Heart of the cards isn’t beating for legal foreign residents of Japan, apparently.

This coming September, Seattle will be the host city for the Yu-Gi-Oh World Championship. Before the world’s best players of the collectible card game make their way to the west coast of the United States, though, they’ll have to prove their mastery by defeating their rival Duelists in preliminary tournaments in their home regions and countries.

However, for those aiming to win the Yu-Gi-Oh Japan Championship 2024, the competition pool isn’t actually every Yu-Gi-Oh player in Japan, as the rules expressly prohibit foreign residents of Japan from taking part in the tournament.

Sifting through the registration requirements for the Japan Championship and its feeder tournaments, most of the clauses seem like pretty standard stuff. Proof of identity is required, so that you can’t have a ringer play for you or try to win multiple feeder competitions to reduce the total number of players who can reach the Japan Championship stage. All cards used must be official Yu-Gi-Oh cards, so you can’t stuff your deck with easily-obtained bootlegs of what’re supposed to be rare cards.

Further down the list, though, you come to the clause that all participants must have a Japanese address. That makes sense, since ostensibly the whole point of the Japan Championship is to find the best Yu-Gi-Oh players who live in Japan, not the bext Yu-Gi-Oh who just happen to be traveling through Japan at the time. Address/residency requirements are actually pretty common in these sorts of quasi-contractual promotions and events, wherein there needs to be some sort of localized legal framework for agreements like this, where if you win competition you get some sort of prize or eligibility privilege.

But where things get surprising is where the Yu-Gi-Oh Japan Championship 2024 entry requirements state:

“Entry is restricted to people of Japanese nationality.”

The Japanese nationality (i.e. Japanese citizenship) requirement means that foreign residents of Japan are barred from the Japan Championship and its feeder competitions. In other words, citizens of foreign countries who are legally living in Japan, either by nature of working in a Japanese workplace, attending a Japanese school, or marriage to a Japanese resident, cannot participate in the competition.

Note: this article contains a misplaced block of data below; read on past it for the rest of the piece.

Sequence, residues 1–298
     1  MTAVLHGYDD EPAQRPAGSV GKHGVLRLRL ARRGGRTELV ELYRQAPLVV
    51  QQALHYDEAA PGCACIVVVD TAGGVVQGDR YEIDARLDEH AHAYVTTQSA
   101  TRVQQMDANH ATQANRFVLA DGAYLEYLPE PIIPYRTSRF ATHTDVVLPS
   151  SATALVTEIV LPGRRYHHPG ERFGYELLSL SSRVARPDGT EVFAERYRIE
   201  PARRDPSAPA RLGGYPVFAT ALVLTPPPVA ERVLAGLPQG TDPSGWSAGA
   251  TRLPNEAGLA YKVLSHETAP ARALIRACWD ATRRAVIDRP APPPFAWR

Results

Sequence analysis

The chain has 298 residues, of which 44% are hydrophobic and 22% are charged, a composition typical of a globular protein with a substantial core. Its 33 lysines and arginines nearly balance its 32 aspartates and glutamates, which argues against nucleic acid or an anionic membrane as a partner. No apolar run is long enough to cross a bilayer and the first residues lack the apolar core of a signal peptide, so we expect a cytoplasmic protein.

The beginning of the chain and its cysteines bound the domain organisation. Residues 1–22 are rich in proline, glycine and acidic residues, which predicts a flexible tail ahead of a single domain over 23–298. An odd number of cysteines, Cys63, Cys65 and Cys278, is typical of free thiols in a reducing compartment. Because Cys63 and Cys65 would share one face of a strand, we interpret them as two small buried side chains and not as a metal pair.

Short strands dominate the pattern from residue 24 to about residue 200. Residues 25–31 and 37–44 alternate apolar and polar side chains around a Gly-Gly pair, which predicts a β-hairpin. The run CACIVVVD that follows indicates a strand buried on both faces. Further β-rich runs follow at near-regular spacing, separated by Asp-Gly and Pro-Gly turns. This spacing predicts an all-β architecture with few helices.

It’s possible that the Japanese citizenship requirement was put in place as a further means to make sure the Yu-Gi-Oh Japan Championship winners are people who really live in Japan, screening out those who happen to be on short-term student/work visas that coincide with the few months over which the preliminary competitions and finals will take place (March to July). However, the citizenship requirement also bars those who have been living in Japan for years or decades. Even foreign residents of Japan who have obtained permanent residency status from the Japanese government are ineligible for the Yu-Gi-Oh Japan Championship unless they have also obtained Japanese citizenship, which, for adults, means they must renounce their home country citizenship, since Japan does not allow dual nationality past the age of 20.

Meanwhile, in other parts of the world, the Yu-Gi-Oh World Championship entry regulations are less strict. The franchise’s official website’s World Qualifying Points FAQ For North, Central, and South America Territories simply states that “Duelists must be legal residents of the territory they wish to represent and provide valid proof of residency.”

Admittedly, foreigners living in Japan and playing with Japanese-language cards make up a pretty small subset of the Yu-Gi-Oh player base, so it’s not shocking that the demographic wasn’t a major priority in crafting the Japan Championship rules. On the other hand, the fact that someone on the tournament’s legal team thought it was necessary to explicitly require Japanese nationality in addition to Japanese residency shows that the Japan Championship organizers can at least imagine that there might be foreign residents who might want to compete, so it’s odd to see them taking steps to lock them out.

Source: Yu-Gi-Oh World Championship 2024 (1, 2), via Twitter/@rurohancwc via Anime News Network/Alex Mateo
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